I’ve been back in Texas for two weeks and it’s been a harder transition back than I expected it to be. I experienced a bit of a culture shock from the moment I stepped off the plane and onto American soil! Regarding? Glad y’all asked.
Observations of the Returned Expat
- American elderly folks are slow as molasses. While walking in Frankfurt a couple weeks ago, my mom and I saw a tiny woman who probably saw World War I lost right before her eyes carrying an entire ladder! Granted, it was probably a six foot ladder, but STILL. I wanted to take a picture, but she was hustlin’ so fast in her little grandma outfit down the avenues of Frankfurt I couldn’t get a good shot. Hot damn. Elderly Americans can hardly cross the street without needing a boy scout’s assistance.
- The toilets all work properly in America. There’s no need to linger to make sure the toilet has done its job when you flushed. In Ireland, the toilets maybe work, but also maybe decide to flood and make weird noises for two hours at a time.
- TAX. OH MY GOD WHY IS TAX NOT INCLUDED. In Ireland, if something is €10, you hand over a €10 note, and walk away BECAUSE TAX IS ALREADY INCLUDED IN THE PRICE. It makes things simple, and you usually don’t walk away with irrelevant coins because they’ve decided to make something cost €10.48. Everything would be so much easier if we had the same nation-wide tax rate, included in the price of things already. GEESUS.
- It. Is. So. Hot. In. Texas. Of course, I’m posting this on the one cold winter day we’ve had this year… but it’s usually about 60 – 70 degrees here in Houston and that was definitely a physical shock considering Dublin hovers at a consistent 40 degrees 11 months out of the year. My Australian friends celebrate Christmas in the summer (#SouthOfTheEquatorProbs), and I once asked myself How can they drink hot cocoa and get into the Christmas spirit when it’s SUMMER WEATHER!? before I quickly realized we do the exact same thing because of our comparably mild winter weathers.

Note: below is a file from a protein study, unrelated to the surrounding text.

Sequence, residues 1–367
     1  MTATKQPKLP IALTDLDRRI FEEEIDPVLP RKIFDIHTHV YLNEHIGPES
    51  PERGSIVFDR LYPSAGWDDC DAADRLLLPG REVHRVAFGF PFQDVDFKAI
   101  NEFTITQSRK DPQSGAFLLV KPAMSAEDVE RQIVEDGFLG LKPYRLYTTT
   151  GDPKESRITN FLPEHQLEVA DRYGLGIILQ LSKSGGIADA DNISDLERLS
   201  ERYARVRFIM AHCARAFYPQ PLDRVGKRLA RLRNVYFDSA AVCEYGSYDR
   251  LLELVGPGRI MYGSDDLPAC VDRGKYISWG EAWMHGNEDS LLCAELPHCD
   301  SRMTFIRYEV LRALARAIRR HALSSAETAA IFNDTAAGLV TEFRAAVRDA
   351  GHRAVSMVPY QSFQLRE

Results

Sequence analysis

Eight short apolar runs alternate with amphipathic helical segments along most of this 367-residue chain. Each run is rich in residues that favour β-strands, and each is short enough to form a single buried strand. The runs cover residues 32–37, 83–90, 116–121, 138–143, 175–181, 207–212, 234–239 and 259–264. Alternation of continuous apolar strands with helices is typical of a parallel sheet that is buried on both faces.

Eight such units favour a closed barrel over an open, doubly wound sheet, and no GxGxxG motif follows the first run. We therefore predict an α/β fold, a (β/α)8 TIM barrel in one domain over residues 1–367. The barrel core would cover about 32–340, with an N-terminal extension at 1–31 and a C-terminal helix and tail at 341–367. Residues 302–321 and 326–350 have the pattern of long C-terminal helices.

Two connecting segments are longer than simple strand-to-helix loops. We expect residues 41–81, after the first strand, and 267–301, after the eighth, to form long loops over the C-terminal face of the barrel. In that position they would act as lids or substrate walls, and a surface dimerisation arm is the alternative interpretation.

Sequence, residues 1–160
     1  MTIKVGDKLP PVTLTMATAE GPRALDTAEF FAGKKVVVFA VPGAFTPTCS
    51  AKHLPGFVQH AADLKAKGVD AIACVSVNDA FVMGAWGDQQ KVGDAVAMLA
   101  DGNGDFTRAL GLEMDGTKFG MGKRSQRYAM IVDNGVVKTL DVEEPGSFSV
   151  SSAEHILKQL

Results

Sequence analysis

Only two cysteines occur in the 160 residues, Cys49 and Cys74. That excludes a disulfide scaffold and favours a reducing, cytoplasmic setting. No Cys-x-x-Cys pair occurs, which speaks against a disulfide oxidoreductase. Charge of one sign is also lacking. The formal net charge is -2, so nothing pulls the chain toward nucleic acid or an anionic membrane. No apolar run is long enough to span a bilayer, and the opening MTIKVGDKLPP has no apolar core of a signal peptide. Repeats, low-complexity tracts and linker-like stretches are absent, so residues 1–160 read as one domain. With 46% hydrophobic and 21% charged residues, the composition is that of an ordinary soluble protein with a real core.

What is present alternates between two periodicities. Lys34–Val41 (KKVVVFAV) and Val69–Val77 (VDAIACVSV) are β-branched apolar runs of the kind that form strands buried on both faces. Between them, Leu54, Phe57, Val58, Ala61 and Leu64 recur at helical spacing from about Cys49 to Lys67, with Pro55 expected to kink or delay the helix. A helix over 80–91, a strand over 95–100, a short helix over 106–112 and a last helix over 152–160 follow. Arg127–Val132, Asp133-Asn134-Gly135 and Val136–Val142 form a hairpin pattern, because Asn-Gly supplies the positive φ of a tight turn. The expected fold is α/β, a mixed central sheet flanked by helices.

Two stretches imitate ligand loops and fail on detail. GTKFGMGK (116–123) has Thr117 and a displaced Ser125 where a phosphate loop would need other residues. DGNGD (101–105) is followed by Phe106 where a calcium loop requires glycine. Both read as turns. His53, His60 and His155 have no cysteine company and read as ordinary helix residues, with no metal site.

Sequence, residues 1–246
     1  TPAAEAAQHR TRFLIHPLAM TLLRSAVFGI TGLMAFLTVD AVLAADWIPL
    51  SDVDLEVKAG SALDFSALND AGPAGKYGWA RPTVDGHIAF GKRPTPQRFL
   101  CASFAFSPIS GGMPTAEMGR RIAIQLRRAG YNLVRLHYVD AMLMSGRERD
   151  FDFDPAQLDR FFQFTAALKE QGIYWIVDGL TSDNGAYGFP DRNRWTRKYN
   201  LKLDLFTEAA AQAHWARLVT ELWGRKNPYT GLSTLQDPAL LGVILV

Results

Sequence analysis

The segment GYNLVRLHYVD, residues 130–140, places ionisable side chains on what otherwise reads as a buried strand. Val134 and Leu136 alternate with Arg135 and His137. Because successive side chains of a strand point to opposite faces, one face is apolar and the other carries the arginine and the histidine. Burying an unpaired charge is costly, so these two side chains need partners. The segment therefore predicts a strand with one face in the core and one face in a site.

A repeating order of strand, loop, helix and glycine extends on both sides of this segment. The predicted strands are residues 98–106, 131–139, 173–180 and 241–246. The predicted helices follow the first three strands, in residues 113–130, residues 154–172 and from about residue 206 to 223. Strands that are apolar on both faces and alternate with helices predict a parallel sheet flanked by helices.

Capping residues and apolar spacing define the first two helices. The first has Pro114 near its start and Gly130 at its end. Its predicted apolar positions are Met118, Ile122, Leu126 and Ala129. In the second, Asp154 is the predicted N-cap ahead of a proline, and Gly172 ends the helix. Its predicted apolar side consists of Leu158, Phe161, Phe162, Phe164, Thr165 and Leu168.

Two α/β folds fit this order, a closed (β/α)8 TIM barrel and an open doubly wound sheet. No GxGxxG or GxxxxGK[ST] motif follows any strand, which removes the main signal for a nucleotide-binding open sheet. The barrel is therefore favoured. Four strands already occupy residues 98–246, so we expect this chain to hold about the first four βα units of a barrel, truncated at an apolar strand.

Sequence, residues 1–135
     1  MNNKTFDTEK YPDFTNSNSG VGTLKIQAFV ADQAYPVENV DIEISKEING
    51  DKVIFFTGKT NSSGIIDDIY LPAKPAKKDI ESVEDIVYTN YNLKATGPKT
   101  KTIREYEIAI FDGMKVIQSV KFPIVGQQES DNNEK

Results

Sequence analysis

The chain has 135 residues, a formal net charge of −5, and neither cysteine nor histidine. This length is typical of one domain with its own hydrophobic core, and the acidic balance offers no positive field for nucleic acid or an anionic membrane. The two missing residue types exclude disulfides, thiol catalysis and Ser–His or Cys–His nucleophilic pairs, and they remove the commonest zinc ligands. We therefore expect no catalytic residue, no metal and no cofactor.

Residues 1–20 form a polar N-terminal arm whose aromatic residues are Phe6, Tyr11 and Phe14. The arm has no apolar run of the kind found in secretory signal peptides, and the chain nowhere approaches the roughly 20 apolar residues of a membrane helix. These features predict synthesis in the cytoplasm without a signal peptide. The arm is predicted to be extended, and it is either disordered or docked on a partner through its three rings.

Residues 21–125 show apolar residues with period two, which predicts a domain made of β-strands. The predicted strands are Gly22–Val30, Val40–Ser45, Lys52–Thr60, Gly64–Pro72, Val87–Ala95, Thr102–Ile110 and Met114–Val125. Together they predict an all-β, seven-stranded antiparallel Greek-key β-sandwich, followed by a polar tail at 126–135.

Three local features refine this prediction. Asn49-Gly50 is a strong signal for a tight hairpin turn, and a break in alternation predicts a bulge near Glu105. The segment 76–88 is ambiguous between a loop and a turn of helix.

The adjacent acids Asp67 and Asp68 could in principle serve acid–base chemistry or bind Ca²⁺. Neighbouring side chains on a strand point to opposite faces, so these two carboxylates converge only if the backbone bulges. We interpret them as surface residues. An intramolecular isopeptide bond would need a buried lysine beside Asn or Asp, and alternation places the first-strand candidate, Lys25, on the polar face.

- Cursing. Irish people are always cursing. It’s kind of endearing because of their accent… but I definitely was made aware of my new-found sailor mouth when I returned. Suburbia America just doesn’t let loose verbally like Irish do. Which brings me to my next point…
- American drinking culture is not nearly as bad as Irish drinking culture. Irish people drink from sun up to sun down. It’s been nice to come home and detox, because the temptation in Ireland was definitely real. One does not simply turn down a free pint in Ireland. That being said, it’s probably not a good idea to get turnt at your friend’s wedding the second you get home just because there happens to be an open bar… oops. New (old) habits die hard.
- Americans are sloppy. I have a love-hate relationship with this. On one hand, I agree that sometimes it is a lot of effort to pull an outfit together just for a Target run. I myself used to love to wear Hanes long-sleeved shirts (they’re the comfiest!) in Dublin, but I’d at least put on a pair of jeans and not leggings like every other basic American would. But is it really necessary to wear the muddy jeans + camo shirt + duck huntin’ baseball cap combo EVERYWHERE? At least put on clean jeans. Why are y’all wearing sweatpants everywhere. And old dingy commemorative shirts from 1984. Have a lil class. This it the land of the free, home of the brave.
- Everyone in the South is exceptionally friendly compared to other parts of the world. Everyone else in America range from very friendly (Chicago) to politely pretentious (New York City). It’s been an adjustment to come home and make small talk again because that just doesn’t happen with the airport check-in staff, library attendant, supermarket clerk, etc. in Ireland. Sure they’re friendly, but you’d never walk away getting someone’s business details so they can help you find a job like your man did for me when I was helping him find jewelry last week. Southerners are so friendly and I definitely missed that a lil bit.
- America is big. Texas is big. Yesterday our weather forecast predicted tornadoes for Dallas, blizzards for the panhandle, flood watch for parts of the east coast, and a mild 80 degrees of cloudy mild weather on the southern Rio Grande valley border. Texas is 800 miles by 800 miles. Ireland is about 175 miles at its widest, and 300 miles tall (including Northern Ireland, which is a separate entity entirely). Coming home to such a big place was slightly overwhelming and I didn’t expect it to be so.
Just like everything, once you’re in the swing of things it’s amazing how quickly you can adapt. I started working at the jewelry store I always work at around Christmastime, and soon I was making Whataburger runs and shopping at Target like I had never left. Except, I had. I’m a different person now than I was before this crazy adventure, and jumping back into my “old life” has been a mix of emotions. That’s at the back of my mind and something that has me feelin’ some type of way. How can I be homesick for Ireland when I’m technically home in Texas? Isn’t this my home?
But that’s a blog post for another day.